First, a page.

Jaqueline: When I’m between projects I generally spend about a month not thinking directly about painting. I read. I watch films obsessively. I pay attention to conversations I hear on the street. Usually by the time I return to the studio I have a pretty clear sense of what I’d like to make. I never know what that looks like before I enter the space and spend some time staring at a blank canvas. But once I have an image in mind, I generally start with the figures and build an environment around them. Their physical relationship is what drives the structure of the painting. I don’t usually make sketches. I work out those compositional questions on the canvas as the work gets going.
COMPANY: Why are you drawn to paint over other mediums?
Jaqueline: It’s the most romantic and the process is totally satisfying. It’s also one of the mediums I find most challenging to work with, so it poses problems and questions that consistently force me to reevaluate the way I use it. To me the process of finding new ways to enter the medium and solve a problem is the most engaging part of making work.
COMPANY: You used to work pretty equally in photography as well, what are the similarities/differences between photography and painting?
Jaqueline: I think at this point they can both be used quite similarly actually. Neither painting nor photography is any longer held to its respective responsibility in art and culture. Each practice has shed itself of the need to work in a medium-specific way, so there’s a great deal of freedom surrounding what each can accomplish.
I think if I were to re-enter photography at this point, I would approach it with a totally different framework, possibly weighing more concentration on the act of constructing psychological content with light and material, as opposed to arranging figures in space.
COMPANY: Three essential studio items?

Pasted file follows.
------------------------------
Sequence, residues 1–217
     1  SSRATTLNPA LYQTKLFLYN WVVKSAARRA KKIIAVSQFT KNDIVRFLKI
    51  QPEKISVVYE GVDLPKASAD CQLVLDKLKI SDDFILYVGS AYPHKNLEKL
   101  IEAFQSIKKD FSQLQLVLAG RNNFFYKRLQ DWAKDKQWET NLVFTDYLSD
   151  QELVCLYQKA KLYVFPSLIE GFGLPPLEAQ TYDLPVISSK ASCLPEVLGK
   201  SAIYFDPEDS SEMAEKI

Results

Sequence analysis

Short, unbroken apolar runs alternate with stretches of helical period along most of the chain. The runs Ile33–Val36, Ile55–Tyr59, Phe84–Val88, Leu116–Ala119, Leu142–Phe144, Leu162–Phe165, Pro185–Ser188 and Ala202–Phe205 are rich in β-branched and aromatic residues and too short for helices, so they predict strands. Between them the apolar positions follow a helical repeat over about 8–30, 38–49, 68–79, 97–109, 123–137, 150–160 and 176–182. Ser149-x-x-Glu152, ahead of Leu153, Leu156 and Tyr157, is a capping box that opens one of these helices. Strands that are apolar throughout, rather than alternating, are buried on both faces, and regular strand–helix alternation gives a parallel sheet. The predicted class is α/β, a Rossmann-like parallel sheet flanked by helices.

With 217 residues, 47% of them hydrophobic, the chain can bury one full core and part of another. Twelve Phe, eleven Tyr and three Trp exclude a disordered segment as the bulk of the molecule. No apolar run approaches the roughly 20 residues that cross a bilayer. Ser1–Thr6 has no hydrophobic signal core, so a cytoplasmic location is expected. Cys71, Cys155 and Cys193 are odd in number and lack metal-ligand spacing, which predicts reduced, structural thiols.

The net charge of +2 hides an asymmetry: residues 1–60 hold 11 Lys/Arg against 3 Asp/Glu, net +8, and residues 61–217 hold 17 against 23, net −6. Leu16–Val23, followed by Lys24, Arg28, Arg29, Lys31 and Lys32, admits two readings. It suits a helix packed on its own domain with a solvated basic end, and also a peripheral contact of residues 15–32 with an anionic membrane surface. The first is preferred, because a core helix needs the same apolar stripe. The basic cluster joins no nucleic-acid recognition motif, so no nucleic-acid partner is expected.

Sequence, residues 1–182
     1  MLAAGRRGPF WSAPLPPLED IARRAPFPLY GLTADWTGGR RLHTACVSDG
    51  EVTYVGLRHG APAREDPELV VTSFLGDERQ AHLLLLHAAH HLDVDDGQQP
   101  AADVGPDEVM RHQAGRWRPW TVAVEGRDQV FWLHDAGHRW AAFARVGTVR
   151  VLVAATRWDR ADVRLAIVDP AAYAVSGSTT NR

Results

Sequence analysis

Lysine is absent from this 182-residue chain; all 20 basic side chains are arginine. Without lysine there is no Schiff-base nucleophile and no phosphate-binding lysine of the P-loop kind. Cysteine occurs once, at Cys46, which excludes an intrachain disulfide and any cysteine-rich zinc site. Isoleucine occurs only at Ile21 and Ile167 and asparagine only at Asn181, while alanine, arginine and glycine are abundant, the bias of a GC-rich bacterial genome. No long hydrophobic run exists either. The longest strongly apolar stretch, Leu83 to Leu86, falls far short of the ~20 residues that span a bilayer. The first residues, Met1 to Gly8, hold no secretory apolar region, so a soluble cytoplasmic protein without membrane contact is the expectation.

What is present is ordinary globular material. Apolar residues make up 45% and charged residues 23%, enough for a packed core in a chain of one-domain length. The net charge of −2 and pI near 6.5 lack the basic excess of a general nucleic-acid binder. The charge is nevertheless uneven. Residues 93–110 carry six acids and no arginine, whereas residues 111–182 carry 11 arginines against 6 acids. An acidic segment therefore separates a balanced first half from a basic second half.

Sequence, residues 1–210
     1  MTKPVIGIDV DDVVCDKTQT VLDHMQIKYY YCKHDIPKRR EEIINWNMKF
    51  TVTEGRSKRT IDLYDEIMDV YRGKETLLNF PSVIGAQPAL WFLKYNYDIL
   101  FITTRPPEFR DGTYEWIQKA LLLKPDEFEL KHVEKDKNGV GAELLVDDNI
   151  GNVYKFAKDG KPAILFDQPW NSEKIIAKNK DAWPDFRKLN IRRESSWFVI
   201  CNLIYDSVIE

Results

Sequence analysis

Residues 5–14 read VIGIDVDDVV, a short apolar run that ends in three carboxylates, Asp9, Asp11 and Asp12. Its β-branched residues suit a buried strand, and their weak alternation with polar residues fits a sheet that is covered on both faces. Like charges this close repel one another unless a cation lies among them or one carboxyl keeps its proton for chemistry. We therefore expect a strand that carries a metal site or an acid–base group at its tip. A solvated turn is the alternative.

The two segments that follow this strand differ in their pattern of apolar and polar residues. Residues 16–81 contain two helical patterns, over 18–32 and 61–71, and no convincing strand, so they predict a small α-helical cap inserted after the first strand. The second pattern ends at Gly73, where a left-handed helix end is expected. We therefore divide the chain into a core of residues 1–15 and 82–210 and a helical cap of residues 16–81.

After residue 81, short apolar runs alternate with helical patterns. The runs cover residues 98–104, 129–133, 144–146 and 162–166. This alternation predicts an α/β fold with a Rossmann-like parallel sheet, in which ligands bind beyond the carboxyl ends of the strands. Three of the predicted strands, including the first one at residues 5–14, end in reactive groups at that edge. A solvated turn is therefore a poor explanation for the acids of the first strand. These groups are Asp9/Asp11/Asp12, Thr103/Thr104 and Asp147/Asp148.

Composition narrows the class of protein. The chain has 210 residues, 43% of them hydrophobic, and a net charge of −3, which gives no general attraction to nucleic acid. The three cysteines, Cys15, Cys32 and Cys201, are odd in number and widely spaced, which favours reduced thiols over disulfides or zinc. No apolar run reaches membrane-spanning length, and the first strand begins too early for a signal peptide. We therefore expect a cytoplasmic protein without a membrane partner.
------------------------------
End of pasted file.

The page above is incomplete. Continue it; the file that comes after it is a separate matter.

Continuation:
Jaqueline: Books first - I’ve got a great Balthus catalogue that I often return to in thinking about scale and posture. Reference material second – I use a mirror every once in a while to figure out a pose. And the third would probably be lighting - big windows are key for daylight; otherwise the fluorescents can really get to you!
COMPANY: What are you working on now?
Jaqueline: Right now I’m in the process of finishing three large paintings, each about six by six feet, that deal more with line than shape or color. I’ve been thinking a lot about allowing the process of repetitive layering of multiple lines to become a more integral portion of the structure of the work.
A.M. Richard Fine Art • 328 Berry Street, 3rd floor • Brooklyn, NY 11211
(917) 570-1476 • email@example.com • www.amrichardfineart.com
AM: Jaqueline Cedar is a painter and photographer. She is showing new paintings at the A.M. Richard Fine Art gallery (May 7th-June 13th, 2010).
The exhibition comprises three large scale oil on canvas paintings with the evocative titles of; Under a Black Star, See the Setting Sun and Hand on Shoulder, Hand on Head. Can you explain the chosen titles of your work?
JC: The first two are Paul Klee titles. I like that he uses literal language to title abstract compositions. I’ve been thinking a lot about his work this year so when I finished a group of paintings I went through a book of his watercolors and picked the titles of works I felt were connected to each painting via composition or palette. So while the works aren’t based on the content of Klee’s paintings, I wanted the titles to link my work to his language.
The third title, Hand on Shoulder, Hand on Head, describes the action of the person in the middle of the painting. I was thinking about the Bruce Nauman sculpture, From Hand to Mouth.